Widow Rozene Pride and son Dion Pride were present for the unveiling of the bronze likeness of the late Hall of Fame member at Nashville's Ryman Auditorium
For decades, Charley Pride made his mark on the Grand Ole Opry stage, and on Wednesday, that mark became permanent when a life-sized sculpture of the country legend was unveiled at the Opry's most hallowed home, Nashville's Ryman Auditorium.
Rozene Pride offered assurances that her husband, who died in 2020, would have been "very humble" about this latest tribute to his storied career.
"He was not one of those who bragged," she told PEOPLE before the unveiling. "But inside, he'd be thrilled to death."
The bronze likeness joins three more — of Little Jimmy Dickens, Bill Monroe, and Loretta Lynn — on the Ryman's Icon Walk. The so-called "Mother Church of Country Music" hosted the Opry full-time from 1943 to 1974, and it still serves occasionally as an Opry stage.
Pride's Opry debut in 1967 was historic: He was the first Black singer on the show. (The only other Black artist to perform on the Opry was harmonica musician DeFord Bailey, who appeared on the show from 1927 to 1941.)
Rozene Pride, who married Pride in 1956, said she well remembers being shocked in 1967 when she learned her husband was the one who would break the Opry's color barrier.
"I was reading a press release where it said he was the first Black country singer [on the Opry]," she said, "and I looked up at him and said, 'Is this true?' And he said yes."
Both she and Pride grew up in the South listening to the radio show, and "it never dawned on me that it was all white. I guess as a child, you don't think about those things."
Recently reclaimed history, featured most prominently in the 2019 Ken Burns documentary series, Country Music, offers undeniable proof that modern country music grew out of rich veins of both Black and white folk music, and the Prides' love for the genre was no aberration.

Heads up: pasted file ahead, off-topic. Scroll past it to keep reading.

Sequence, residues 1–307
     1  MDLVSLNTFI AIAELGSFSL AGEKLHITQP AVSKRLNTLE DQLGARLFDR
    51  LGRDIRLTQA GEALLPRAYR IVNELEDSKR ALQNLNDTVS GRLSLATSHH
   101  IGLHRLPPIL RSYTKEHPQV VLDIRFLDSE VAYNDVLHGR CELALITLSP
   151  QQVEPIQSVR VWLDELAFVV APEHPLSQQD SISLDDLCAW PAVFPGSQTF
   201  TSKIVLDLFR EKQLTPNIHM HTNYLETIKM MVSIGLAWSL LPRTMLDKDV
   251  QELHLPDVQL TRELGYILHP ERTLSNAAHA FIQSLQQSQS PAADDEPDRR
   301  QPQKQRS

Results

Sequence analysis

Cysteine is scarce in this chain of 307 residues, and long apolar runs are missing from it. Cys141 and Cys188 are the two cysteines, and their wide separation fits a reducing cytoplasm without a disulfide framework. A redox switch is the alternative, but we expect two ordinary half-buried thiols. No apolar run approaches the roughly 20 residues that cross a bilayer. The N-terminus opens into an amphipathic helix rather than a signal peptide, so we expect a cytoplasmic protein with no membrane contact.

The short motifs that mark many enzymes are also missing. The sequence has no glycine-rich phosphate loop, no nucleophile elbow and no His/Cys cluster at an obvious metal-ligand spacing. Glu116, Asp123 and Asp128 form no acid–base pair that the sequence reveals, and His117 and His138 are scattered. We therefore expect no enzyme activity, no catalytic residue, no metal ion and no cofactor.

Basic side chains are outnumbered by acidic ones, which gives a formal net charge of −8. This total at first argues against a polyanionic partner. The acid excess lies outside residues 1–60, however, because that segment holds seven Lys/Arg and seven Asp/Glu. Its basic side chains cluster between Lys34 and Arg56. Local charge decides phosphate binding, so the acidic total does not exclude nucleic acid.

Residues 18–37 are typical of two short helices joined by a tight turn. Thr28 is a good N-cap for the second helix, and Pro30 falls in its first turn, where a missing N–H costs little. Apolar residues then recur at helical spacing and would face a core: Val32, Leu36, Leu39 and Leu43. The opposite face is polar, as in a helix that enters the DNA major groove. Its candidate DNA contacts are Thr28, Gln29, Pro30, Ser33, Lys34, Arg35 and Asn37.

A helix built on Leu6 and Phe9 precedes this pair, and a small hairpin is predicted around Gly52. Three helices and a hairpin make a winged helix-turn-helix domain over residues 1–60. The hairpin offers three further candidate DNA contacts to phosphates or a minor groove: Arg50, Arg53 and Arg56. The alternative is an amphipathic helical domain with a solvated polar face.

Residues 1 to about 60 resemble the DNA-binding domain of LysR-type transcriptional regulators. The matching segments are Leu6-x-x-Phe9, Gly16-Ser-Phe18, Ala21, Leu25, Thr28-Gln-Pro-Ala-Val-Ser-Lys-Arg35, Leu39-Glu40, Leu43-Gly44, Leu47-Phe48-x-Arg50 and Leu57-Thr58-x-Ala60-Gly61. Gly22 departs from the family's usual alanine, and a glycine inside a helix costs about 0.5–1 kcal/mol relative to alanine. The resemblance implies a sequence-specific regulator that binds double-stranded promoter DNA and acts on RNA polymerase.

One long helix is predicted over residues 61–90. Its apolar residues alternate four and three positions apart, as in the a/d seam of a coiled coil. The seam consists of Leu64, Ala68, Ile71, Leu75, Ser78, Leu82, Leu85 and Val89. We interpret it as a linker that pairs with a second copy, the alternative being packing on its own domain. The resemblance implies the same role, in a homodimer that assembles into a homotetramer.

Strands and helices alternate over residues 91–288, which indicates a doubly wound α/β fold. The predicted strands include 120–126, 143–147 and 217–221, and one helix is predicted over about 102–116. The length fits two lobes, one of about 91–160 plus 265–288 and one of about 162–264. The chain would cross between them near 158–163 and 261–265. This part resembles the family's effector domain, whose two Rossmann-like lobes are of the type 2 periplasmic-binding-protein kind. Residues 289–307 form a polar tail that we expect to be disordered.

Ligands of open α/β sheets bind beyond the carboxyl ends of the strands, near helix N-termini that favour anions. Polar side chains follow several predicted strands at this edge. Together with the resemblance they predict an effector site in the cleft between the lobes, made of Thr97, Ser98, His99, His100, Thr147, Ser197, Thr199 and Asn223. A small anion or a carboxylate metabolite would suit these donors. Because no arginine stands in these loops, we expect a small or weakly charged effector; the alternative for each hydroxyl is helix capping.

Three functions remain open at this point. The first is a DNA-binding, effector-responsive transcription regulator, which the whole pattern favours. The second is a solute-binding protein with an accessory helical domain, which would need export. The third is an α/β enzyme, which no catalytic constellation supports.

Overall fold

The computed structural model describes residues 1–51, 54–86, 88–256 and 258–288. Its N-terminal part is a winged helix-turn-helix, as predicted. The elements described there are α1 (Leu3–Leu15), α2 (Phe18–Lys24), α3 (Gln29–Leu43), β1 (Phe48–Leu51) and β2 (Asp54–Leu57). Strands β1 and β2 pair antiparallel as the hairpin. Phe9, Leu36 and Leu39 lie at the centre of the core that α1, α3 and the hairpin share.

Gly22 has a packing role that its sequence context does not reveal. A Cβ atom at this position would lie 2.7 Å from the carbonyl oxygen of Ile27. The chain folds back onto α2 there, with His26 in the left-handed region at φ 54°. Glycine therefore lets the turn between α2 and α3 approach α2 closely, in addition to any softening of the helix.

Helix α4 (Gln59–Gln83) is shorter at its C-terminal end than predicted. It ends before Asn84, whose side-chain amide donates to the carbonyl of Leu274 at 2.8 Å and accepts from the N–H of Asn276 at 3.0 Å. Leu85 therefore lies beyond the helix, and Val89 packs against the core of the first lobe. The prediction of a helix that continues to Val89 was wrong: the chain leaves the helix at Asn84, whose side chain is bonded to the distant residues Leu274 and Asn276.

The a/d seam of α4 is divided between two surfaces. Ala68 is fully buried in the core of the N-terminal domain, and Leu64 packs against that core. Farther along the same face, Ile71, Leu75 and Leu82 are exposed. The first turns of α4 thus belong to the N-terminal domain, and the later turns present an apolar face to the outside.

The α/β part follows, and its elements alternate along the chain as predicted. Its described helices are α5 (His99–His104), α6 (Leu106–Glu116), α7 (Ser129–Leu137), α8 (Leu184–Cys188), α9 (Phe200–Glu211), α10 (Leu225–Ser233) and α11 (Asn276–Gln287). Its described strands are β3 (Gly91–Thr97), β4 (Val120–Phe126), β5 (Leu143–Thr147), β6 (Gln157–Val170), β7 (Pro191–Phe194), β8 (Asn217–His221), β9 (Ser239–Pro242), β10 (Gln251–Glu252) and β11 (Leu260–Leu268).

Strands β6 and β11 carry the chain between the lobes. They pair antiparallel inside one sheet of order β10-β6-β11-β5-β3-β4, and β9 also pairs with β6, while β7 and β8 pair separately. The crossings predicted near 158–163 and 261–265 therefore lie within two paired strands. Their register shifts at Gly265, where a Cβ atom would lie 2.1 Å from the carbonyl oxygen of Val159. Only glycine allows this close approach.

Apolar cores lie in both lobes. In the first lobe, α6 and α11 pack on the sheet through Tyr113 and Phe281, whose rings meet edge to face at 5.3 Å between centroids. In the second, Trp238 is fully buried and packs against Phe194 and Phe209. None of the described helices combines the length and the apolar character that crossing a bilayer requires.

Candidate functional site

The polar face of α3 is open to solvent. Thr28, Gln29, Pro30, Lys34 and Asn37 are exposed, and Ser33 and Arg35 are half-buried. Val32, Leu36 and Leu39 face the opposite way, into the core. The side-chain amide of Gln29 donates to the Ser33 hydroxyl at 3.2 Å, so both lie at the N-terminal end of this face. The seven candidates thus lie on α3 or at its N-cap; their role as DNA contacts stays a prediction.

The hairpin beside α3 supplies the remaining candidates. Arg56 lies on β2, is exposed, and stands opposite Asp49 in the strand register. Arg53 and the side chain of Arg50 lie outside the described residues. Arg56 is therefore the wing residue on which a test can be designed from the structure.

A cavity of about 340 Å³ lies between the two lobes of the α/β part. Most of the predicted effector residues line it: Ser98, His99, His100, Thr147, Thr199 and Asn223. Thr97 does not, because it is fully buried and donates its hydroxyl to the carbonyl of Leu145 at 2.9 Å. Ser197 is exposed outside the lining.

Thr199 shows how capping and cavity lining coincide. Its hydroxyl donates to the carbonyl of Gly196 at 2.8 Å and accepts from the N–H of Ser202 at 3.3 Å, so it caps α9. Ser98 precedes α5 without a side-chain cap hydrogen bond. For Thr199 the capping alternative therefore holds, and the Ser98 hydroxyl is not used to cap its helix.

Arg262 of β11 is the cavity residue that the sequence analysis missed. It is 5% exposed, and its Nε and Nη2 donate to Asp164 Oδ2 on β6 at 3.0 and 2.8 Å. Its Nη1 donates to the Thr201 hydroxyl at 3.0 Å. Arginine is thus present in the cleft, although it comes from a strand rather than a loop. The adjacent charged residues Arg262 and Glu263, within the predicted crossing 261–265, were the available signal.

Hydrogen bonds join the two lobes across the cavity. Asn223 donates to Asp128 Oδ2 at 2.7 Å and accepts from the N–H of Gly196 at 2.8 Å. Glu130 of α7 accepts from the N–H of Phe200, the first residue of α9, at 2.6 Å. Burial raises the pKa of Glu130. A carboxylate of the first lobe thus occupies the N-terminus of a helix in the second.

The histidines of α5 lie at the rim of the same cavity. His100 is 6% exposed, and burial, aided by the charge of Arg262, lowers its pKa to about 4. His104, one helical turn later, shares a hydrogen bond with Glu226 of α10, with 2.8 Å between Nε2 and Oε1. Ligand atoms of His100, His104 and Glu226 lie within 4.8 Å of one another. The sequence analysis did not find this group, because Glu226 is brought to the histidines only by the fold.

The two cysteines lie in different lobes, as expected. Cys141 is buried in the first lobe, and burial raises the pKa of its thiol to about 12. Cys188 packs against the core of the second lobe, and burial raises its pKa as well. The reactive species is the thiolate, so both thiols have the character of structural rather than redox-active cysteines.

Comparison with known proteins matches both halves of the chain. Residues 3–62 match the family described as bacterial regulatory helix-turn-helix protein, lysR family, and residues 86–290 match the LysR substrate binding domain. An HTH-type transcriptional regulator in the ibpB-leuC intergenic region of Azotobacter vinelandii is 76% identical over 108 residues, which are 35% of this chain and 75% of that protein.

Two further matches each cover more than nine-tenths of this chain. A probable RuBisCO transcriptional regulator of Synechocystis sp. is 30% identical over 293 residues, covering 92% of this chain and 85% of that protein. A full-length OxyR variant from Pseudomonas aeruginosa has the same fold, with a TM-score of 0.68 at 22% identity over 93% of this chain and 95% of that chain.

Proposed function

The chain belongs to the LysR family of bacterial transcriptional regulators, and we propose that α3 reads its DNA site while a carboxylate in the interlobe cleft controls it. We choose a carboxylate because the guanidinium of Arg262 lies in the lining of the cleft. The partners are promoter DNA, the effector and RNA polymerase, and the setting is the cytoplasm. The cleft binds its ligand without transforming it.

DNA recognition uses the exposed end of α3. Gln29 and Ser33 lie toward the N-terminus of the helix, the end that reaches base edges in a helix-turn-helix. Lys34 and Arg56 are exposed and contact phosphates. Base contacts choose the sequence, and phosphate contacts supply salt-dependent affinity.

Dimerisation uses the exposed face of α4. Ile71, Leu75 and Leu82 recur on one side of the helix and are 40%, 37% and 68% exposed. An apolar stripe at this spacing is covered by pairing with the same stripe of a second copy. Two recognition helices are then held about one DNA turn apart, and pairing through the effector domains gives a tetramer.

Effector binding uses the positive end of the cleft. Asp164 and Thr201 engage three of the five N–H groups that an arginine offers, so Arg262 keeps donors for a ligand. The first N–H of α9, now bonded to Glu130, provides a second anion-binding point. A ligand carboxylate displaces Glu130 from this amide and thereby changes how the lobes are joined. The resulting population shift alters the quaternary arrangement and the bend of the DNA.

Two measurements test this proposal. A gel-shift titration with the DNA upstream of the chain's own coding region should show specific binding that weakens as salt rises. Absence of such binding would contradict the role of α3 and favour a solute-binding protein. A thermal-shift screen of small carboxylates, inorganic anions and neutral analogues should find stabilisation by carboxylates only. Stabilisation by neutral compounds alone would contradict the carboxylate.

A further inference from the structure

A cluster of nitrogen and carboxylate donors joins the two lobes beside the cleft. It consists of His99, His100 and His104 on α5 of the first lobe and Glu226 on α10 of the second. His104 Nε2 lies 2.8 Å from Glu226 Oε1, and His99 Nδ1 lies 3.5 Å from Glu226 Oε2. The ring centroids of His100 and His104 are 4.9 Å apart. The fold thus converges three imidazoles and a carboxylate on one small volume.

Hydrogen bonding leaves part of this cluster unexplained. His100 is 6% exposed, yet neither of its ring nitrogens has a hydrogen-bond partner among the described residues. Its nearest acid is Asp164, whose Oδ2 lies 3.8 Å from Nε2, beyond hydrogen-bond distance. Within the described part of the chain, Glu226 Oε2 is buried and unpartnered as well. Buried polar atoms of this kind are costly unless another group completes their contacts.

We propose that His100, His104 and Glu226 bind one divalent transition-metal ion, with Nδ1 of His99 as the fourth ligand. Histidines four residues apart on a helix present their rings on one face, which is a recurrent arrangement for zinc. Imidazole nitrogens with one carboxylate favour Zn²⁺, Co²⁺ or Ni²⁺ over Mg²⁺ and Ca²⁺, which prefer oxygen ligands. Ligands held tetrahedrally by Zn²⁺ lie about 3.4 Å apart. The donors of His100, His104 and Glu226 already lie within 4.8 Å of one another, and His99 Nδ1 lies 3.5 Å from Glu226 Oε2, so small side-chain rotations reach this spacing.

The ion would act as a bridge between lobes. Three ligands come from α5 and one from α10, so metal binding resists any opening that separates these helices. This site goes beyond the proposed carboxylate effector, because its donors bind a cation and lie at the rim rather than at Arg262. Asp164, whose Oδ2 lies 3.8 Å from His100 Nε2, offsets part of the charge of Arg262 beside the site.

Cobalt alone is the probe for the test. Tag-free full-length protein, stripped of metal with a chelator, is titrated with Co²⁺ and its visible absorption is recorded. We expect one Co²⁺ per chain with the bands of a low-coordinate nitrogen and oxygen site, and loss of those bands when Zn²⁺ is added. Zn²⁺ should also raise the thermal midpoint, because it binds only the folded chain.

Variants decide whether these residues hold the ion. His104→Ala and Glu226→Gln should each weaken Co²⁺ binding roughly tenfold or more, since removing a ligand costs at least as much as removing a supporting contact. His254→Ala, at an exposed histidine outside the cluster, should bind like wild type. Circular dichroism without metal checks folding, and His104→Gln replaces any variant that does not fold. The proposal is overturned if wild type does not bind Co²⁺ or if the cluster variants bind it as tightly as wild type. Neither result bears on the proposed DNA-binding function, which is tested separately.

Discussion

As Pride rose to fame with such hits as "Just Between You and Me," "Kiss an Angel Good Mornin'" and "Is Anybody Goin' to San Antone," he acknowledged his differentness with aplomb, joking early on to his white audiences about his "permanent tan."
Pride's son Dion pointed out that the singer's racial trailblazing was really just a byproduct of his exceptional talent, adding that he hopes his father is remembered far more for his musical achievements "than the pigmentation aspect of it."
"He worked very hard at his craft," Dion Pride told PEOPLE, "and he was very proud of the product he put out. He was very proud of it because of his hard work."
Pride went on to notch 41 No. 1 songs and earn three Grammys. He also was the first Black artist to win a CMA award, earning entertainer and male vocalist of the year in 1971 and top male vocalist in 1972; the ceremonies were held both years at the Ryman. He made his final Opry appearance in January 2020, also at the Ryman, just two months before the COVID-19 shutdown.
Pride didn't become a member of the Opry until 1993. His wife noted that he was offered membership much earlier in his career, but he turned it down because of the Opry's appearance requirements, which later were loosened. He was inducted into the Country Music Hall of Fame in 2000. Less than a month before his death, at age 86 from COVID-related complications, he received the CMA's Willie Nelson Lifetime Achievement Award.
The sculpture, by Mississippi artist Ben Watts, is Pride's exact height — 6-foot-1 — and it depicts him in his younger years. He's holding the same guitar featured on the cover of his 1970 album, Just Plain Charley.
When the curtains were finally drawn and the sculpture revealed on Wednesday, Rozene and Dion Pride both approached it with reverence, and Rozene Pride tenderly took the figure's hand in hers as camera shutters snapped. It was the first time wife and son had seen the finished work.
"It was very emotional to see it," Rozene Pride declared afterward. "Oh, it's so beautiful."
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